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Home | News | Foreclosure | CFPB’s New Rules Ban Incentives for Risky Mortgages
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CFPB’s New Rules Ban Incentives for Risky Mortgages

While the foreclosure crisis has more than one culprit, the ""Center for Responsible Lending"":http://www.responsiblelending.org/ (CRL) pointed to the significant role of predatory lending practices in a ""report"":http://www.dsnews.com/articles/nonprofit-details-role-of-predatory-lending-on-foreclosures-2012-12-14 on the state of lending.

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According to data from CRL, among hybrid or ARM option loans originated between 2004 and 2008, 24.7 percent are either seriously delinquent or have become completed foreclosures as of February 2012. On the other hand, only 11.3 percent of fixed rate or standard ARMs originated during the same time period have gone into foreclosure or are seriously delinquent.

To prevent loan originators from directing borrowers toward risky mortgages with features such as higher rates and prepayment penalties, the ""Consumer Financial Protection Bureau"":http://www.consumerfinance.gov (CFPB) issued new rules Friday to ban incentives for selling risky mortgages.

""Before the financial crisis, many mortgage borrowers were steered towards risky and high-cost loans because it meant more money for the loan originator,"" said CFPB director

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Richard Cordray. ""These rules will hold loan originators more accountable by banning the incentives that led so many of them to direct consumers toward disaster.""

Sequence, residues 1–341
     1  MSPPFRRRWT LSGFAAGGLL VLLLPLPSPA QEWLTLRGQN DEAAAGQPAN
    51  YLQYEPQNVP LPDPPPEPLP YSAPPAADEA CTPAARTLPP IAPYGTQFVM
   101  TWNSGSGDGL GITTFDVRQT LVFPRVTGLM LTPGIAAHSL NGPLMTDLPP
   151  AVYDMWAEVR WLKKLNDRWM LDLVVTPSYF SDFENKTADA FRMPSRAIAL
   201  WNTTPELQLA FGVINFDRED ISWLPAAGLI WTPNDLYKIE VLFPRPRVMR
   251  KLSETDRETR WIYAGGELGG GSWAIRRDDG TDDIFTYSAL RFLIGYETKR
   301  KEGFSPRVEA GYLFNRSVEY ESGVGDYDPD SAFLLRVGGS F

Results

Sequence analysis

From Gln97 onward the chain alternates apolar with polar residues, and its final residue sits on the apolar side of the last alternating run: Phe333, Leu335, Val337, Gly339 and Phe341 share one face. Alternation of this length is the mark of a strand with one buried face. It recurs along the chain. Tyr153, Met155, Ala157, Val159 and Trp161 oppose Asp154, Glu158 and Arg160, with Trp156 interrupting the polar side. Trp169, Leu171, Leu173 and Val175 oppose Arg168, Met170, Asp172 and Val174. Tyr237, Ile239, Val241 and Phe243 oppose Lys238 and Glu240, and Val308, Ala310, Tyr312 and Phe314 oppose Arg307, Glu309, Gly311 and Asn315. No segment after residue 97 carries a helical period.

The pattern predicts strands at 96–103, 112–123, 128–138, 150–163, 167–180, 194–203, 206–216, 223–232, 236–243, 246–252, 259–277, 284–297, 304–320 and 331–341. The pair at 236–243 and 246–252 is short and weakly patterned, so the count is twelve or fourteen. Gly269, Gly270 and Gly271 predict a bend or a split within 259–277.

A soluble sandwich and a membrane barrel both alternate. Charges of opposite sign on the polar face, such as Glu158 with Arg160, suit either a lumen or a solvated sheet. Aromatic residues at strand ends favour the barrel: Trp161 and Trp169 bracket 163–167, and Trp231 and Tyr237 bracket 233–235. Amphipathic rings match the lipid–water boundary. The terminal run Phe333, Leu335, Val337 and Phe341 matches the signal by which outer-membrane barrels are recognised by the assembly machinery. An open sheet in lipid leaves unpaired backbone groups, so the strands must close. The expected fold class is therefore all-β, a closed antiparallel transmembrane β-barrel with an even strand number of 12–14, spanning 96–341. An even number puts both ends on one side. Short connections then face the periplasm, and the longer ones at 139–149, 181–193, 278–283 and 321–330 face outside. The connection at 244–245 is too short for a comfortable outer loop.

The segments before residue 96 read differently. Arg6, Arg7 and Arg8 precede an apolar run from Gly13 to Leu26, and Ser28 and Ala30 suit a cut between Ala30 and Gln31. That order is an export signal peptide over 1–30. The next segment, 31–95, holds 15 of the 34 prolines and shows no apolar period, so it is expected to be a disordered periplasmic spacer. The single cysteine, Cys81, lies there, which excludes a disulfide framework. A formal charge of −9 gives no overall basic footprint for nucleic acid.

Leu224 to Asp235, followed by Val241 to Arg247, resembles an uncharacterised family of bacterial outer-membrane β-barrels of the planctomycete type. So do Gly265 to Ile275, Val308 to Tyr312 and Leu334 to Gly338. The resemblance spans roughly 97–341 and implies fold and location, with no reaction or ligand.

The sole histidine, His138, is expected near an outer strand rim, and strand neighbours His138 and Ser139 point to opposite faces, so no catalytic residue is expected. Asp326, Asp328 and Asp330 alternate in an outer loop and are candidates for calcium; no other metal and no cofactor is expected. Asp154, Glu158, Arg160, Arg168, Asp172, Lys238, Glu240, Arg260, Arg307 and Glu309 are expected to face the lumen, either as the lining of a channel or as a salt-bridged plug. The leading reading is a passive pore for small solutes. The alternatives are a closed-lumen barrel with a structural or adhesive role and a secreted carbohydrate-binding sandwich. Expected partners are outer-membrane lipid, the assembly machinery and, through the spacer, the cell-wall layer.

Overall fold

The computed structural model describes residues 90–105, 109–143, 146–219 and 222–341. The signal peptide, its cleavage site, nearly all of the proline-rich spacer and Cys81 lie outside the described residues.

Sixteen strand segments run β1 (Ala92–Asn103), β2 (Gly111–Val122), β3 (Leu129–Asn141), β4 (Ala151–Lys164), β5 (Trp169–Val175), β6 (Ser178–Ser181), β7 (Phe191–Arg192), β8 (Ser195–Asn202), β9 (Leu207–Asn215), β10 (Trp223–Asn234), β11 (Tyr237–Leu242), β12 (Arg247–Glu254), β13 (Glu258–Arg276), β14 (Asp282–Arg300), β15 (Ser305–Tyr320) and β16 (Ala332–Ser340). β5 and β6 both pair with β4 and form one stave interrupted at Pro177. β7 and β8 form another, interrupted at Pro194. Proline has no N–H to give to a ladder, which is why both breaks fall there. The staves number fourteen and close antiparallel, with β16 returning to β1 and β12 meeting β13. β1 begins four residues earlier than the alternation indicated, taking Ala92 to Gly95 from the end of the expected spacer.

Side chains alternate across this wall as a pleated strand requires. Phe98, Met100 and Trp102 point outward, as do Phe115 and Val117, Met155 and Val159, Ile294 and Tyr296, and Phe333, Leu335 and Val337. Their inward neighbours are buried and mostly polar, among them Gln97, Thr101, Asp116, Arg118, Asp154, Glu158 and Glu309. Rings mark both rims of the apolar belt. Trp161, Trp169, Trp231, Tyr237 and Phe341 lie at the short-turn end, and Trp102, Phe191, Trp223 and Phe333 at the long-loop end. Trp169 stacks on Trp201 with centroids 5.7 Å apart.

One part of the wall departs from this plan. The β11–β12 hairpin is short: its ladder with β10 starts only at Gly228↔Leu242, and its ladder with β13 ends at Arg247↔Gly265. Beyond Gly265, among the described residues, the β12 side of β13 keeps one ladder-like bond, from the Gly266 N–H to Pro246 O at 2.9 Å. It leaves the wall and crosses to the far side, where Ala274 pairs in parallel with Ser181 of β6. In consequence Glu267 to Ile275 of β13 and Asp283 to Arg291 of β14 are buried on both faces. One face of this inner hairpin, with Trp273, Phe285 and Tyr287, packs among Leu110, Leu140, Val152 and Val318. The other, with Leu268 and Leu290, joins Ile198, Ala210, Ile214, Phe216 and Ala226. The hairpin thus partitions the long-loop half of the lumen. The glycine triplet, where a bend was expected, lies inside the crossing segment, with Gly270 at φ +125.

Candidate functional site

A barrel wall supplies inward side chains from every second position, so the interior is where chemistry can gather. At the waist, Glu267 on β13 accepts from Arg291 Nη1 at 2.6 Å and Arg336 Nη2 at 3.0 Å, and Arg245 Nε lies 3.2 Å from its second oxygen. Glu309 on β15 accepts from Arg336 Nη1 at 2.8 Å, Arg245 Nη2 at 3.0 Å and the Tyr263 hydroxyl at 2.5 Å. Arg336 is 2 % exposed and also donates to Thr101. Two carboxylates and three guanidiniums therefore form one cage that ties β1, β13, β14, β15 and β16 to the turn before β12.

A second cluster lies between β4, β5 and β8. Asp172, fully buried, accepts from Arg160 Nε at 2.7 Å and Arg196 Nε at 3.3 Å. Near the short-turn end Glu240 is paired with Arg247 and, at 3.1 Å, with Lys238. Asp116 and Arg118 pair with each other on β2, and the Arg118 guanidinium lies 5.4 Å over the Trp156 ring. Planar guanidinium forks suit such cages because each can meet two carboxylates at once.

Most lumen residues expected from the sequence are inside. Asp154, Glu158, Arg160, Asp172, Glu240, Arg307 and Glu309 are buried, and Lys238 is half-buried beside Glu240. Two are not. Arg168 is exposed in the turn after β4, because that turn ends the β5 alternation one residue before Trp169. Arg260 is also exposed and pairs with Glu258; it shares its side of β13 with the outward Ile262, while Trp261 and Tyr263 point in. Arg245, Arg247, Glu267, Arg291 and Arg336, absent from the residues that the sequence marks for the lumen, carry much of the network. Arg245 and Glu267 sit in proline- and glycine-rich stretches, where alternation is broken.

One of the rules prohibits higher compensation according to loan terms. With the new rule, brokers and loan officers are prevented from receiving higher pay if a borrower takes out a loan with a higher interest rate, a prepayment penalty, or higher fees. In addition, originators are no longer able to receive more money if a borrower decides to purchase title insurance from the lender's affiliate.

The bureau also established a rule to place a ban on dual compensation, which occurs if a loan originator gets paid by both the borrower and another person, such as the creditor.

""In the run-up to the crisis, too often consumers incorrectly assumed that their loan originators were looking out for the consumer's best interest,"" the CFPB stated.

Higher qualification standards were also established for loan originators. Qualification standards may differ depending on whether the originator works for a bank, thrift, mortgage brokerage, or nonprofit, but the bureau outlined a few general rules.

The rules require originators to be screened for felony convictions, to receive training on rules governing the types of loans they originate, and to meet character, fitness, and financial responsibility reviews.

The rules will take effect in January 2014.

The CFPB also established a rule for mortgage and home equity loans that generally prohibits mandatory arbitration of disputes and the practice of increasing loan amounts to cover credit insurance premiums. Those rules will take effect in June 2013.

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